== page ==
In May 2010 Ethan Marcotte (@beep) wrote the seminal article, Responsive Web Design. At first I took a dim view of the piece. Most of my mobile experience at the time was in developing mobile-optimized experiences that relied on browser-detection & serving separate templates. Honestly, it worked for me as a, primarily, server-side dev and it worked well. To me, responsive web design seemed like a front-end solution that didn’t take into account many of the issues facing mobile developers… apart from screen width that is.
Fast forward a year and a half (and quite a few arguments)… I’ve now worked on one responsive project, I’ve watched a number of other responsive projects come out of our department, and I’ve come to appreciate where and when responsive web design works and works well. On top of that I’ve learned how helpful front-end projects like Modernizr, MicroJS, and YepNope.js can be to any developer. That being said, it’s tough to teach an old dog new tricks and, to me, it still seemed as if their was something not quite right about responsive web design.
At this point I won’t rehash the arguments. Yes, dear dead horse, you can have a rest. Instead, I’ll focus on an article Luke Wroblewski (@lukew) wrote entitled, Responsive Design + Server Side Components.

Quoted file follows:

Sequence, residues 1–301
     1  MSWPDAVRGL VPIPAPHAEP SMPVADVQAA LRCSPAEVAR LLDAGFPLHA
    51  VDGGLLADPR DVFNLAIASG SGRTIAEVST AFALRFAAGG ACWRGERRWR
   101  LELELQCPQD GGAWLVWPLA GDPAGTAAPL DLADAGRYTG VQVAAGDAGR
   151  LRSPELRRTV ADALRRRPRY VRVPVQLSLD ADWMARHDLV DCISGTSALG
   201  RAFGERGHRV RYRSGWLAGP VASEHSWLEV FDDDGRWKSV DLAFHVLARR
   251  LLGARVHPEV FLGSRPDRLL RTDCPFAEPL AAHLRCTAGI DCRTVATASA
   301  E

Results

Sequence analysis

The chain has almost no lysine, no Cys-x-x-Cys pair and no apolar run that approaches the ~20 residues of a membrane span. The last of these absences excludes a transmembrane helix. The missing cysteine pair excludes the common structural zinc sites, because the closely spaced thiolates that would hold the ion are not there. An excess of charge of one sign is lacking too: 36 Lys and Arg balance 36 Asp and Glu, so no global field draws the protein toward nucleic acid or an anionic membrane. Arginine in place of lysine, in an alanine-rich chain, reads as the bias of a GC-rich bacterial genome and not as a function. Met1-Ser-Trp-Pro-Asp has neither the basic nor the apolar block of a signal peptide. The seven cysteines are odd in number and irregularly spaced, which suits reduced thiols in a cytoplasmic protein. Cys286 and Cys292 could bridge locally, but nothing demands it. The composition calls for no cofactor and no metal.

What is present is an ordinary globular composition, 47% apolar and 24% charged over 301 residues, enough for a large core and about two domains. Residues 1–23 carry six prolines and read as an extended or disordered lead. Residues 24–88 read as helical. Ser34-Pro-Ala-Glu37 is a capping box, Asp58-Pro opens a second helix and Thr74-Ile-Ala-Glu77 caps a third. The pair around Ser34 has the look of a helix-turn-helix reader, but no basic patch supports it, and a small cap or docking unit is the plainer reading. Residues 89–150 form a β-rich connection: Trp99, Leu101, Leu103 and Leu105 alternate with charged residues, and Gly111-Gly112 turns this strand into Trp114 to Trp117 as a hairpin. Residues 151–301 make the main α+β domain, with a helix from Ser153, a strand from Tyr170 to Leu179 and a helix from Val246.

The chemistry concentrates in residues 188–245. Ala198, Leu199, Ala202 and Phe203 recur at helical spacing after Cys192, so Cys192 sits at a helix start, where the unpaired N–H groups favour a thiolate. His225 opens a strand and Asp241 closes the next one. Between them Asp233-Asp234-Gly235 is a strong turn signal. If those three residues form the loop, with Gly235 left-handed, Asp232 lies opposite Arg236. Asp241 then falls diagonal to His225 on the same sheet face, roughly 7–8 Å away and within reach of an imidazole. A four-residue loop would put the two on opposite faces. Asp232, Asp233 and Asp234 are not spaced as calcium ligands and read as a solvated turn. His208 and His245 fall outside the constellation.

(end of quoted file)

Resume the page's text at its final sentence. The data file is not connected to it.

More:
For a while now I’ve felt like I was somehow out of touch for still preferring browser-detection over responsive design (like I said, I’m an old dog). I’m assuming it’s because I tend to follow front-end folks on Twitter who are very much on the responsive web design bandwagon. But between Luke’s article, Yiibu’s talk, Adaptation, as well as their Profile tool, and the news that 82% of Alexa’s top 100 properties used server-side detection to modify some amount of their content I started to feel a little less out of touch.
The principle concept that I found so intriguing in Luke’s article, as well as the work done by Yiibu, is that browser-detection can be used to help inform an overall responsive design as opposed to being the be-all-end-all for templating. By this I mean that partial pieces of content can be inserted intelligently and where appropriate (think images) into a larger layout that’s given to all browsers and is governed by responsive design principles. Hence the combining of “responsive design” and “server side components” in Luke’s name for the technique.
This isn’t something that I should consider revolutionary. On the face of it’s sort of “Duh!” but sometimes even the obvious has to be pointed out. It’s nice to see a bridge of sorts form between these two competing concepts. Their is value on both sides of the fence and they can and should work together. The question is “How?”